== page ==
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Am Fam Physician. 2022;105(4):online

Author disclosure: No relevant financial relationships.

Data inadequate for analysis1 in 7 experienced a complication with a cast compared with a splint (number needed to harm = 7)
Higher risk of complication with a cast compared with a splint (absolute risk difference = 14%)

Details for This Review

Study Population: Children (two to 16 years of age) with confirmed forearm buckle fractures

Efficacy End Points: Functional recovery and patient satisfaction

Harm End Points: Complications, defined as refracture, cast heaviness, cast tightness, and cast-related return visits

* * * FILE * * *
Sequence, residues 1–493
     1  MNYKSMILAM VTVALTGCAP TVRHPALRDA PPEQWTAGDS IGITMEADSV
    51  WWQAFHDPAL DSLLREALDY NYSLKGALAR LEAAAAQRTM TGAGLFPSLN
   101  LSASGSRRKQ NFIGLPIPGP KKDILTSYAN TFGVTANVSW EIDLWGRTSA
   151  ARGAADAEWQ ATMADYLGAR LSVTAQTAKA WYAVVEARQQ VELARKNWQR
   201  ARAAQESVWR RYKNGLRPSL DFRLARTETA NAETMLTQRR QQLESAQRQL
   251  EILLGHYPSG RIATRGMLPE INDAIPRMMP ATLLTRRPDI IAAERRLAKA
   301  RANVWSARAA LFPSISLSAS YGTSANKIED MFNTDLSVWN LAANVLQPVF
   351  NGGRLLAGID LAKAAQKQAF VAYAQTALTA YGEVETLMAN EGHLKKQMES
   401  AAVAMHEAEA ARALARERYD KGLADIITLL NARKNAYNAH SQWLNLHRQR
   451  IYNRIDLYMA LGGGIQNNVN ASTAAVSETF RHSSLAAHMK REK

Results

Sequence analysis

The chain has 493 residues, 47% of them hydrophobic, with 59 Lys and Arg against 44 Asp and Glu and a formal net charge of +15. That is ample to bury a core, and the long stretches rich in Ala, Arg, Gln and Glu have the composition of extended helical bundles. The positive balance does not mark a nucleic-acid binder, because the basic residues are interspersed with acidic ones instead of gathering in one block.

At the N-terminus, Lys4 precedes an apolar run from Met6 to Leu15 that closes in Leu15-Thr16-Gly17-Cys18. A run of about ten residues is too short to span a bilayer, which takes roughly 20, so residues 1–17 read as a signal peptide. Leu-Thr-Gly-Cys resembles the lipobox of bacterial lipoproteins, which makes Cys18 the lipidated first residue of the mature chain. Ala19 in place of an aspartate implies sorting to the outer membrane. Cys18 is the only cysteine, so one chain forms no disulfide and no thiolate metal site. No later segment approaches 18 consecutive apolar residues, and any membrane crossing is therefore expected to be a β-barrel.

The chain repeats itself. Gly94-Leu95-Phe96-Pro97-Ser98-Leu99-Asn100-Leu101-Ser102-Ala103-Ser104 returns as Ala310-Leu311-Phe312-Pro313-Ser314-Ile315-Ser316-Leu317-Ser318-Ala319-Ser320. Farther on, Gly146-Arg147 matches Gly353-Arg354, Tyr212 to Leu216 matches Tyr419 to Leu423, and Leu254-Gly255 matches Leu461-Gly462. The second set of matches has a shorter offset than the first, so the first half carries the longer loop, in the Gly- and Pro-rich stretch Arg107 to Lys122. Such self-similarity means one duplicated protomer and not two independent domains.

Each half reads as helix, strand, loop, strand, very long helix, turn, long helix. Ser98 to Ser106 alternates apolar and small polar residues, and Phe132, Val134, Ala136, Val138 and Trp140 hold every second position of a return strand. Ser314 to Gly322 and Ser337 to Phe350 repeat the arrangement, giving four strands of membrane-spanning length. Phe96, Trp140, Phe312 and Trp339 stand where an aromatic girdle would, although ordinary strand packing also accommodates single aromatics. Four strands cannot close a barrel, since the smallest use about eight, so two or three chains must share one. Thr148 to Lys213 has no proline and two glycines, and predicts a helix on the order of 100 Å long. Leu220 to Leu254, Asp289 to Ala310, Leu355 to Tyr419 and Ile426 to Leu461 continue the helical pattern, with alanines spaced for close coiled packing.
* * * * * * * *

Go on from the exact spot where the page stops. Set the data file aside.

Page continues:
Narrative: Wrist fractures involving the distal radius are the most common fractures in children.1 A buckle (i.e., torus) fracture in children usually occurs at the distal metaphysis where the bone is less dense. This injury is caused by buckling, or folding, of the cortex (the outer layer and thicker section of the bone) due to compression. Buckle fractures are stable, and treatment is intended to relieve pain and discomfort and protect the bone from further injury.2 There is debate about optimal fracture treatment using rigid casts or nonrigid methods (e.g., splints). The systematic review and meta-analysis summarized here compares the clinical effectiveness of nonrigid vs. rigid methods for forearm buckle fractures in children.3

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